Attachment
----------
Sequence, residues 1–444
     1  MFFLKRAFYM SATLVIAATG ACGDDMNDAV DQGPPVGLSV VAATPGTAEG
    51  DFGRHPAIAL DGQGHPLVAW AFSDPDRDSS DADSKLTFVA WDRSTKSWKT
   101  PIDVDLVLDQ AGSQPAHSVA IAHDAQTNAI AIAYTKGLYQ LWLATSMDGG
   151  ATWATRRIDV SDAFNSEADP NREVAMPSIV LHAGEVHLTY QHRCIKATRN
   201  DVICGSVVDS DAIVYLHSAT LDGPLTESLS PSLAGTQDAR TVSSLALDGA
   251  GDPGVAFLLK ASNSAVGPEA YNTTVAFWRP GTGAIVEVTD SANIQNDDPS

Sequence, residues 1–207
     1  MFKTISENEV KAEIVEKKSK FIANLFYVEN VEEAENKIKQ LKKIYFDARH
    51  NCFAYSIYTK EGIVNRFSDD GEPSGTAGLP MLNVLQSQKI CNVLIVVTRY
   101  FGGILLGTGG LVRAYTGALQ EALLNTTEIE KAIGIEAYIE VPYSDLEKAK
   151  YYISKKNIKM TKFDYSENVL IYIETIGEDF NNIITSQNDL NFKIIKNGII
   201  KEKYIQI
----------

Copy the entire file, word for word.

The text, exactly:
Sequence, residues 1–444
     1  MFFLKRAFYM SATLVIAATG ACGDDMNDAV DQGPPVGLSV VAATPGTAEG
    51  DFGRHPAIAL DGQGHPLVAW AFSDPDRDSS DADSKLTFVA WDRSTKSWKT
   101  PIDVDLVLDQ AGSQPAHSVA IAHDAQTNAI AIAYTKGLYQ LWLATSMDGG
   151  ATWATRRIDV SDAFNSEADP NREVAMPSIV LHAGEVHLTY QHRCIKATRN
   201  DVICGSVVDS DAIVYLHSAT LDGPLTESLS PSLAGTQDAR TVSSLALDGA
   251  GDPGVAFLLK ASNSAVGPEA YNTTVAFWRP GTGAIVEVTD SANIQNDDPS

Sequence, residues 1–207
     1  MFKTISENEV KAEIVEKKSK FIANLFYVEN VEEAENKIKQ LKKIYFDARH
    51  NCFAYSIYTK EGIVNRFSDD GEPSGTAGLP MLNVLQSQKI CNVLIVVTRY
   101  FGGILLGTGG LVRAYTGALQ EALLNTTEIE KAIGIEAYIE VPYSDLEKAK
   151  YYISKKNIKM TKFDYSENVL IYIETIGEDF NNIITSQNDL NFKIIKNGII
   201  KEKYIQI